Digital advertising solutions in-store are heading for a massive shake-up, as shopper marketing techniques start to apply web approaches to personalisation. Coca-Cola has launched in-store display systems that show personalised messages to approaching shoppers, based on data on their smartphones.
The system is powered by Google Cloud technologies and works on any HDMI-ready display that serves as grocery store aisle “end caps”, restaurant menu boards, and even interactive cinema posters.
The system can be used to offer custom branded video, e-coupons to shoppers. The technical solution uses DoubleClick’s ad-serving software to distribute targeted messaging, which opens up many of the approaches familiar to web marketers. The promotional content can range from brand campaigns to store-specific promotional offers, or even app-guided shopping lists, in a move that is widely expected to mark a step-change in the role of point of sale.
Integration with other retail systems lets the same approach deliver inventory and sales data, creating both messaging that is more valuable to the shopper, and data that is more valuable to the retailer.
Greg Chambers, global group director of digital innovation at Coca-Cola, said: “We kicked off a rapid iteration process in the spring of 2015 and had our first prototype that fall,” Chambers said during a presentation at the Google Cloud Next conference in San Francisco.
Proximity technology leverages built-in smartphone features and Google’s Eddystone wireless beacon technology, allowing a store to receive and interpret a nearby user’s preferences and habits to deliver contextually relevant content in real time.
“We can understand who the consumer is and get the right content and messaging to him or her at the right time,” Chambers said. “We’re using the power of the cloud to bring a real-time, media-rich experience to shoppers in the store.”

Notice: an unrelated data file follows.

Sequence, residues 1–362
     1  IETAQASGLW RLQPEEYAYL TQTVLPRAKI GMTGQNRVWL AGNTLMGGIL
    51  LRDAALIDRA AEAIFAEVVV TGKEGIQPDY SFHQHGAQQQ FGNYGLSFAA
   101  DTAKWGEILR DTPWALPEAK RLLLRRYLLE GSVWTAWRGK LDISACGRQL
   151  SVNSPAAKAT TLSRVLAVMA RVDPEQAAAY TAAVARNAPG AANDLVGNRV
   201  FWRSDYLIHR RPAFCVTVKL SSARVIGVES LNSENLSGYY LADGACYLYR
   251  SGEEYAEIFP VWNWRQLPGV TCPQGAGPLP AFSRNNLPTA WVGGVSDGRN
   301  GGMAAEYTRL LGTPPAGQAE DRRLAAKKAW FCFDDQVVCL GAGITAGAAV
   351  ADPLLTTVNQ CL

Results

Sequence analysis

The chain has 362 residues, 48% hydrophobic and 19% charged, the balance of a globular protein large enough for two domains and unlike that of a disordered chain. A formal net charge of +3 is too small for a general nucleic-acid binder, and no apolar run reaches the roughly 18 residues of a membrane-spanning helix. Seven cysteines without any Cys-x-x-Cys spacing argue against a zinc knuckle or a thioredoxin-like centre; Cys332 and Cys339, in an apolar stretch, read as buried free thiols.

A 250-store pilot with the Albertsons grocery chain delivered a one-month return on investment. “We also significantly increased category lift,” Chambers said, “which means not only did the end-caps help sell more Coca-Cola products… everything else on the carbonated soft drink aisle, too.”
Given the scale of Google’s marketing clout and technology development, this should be treated as a play for the final step in the shopper’s journey. “In-store marketing is finally ready for the digital revolution”, explains Danny Meadows-Klue, Chief Executive of Digital Strategy Consulting. “On the laptop and small screen, the digital marketing industry has 20 years of experience in creating, delivering and refining strong consumer experiences. Most of the shopper’s journey to purchase has already been widely researched, cookied and optimized – but in-store has remained the elusive, yet critical step. That’s now ready to change. Google wants its adserving to be the platform for offline retail, and it’s starting here.”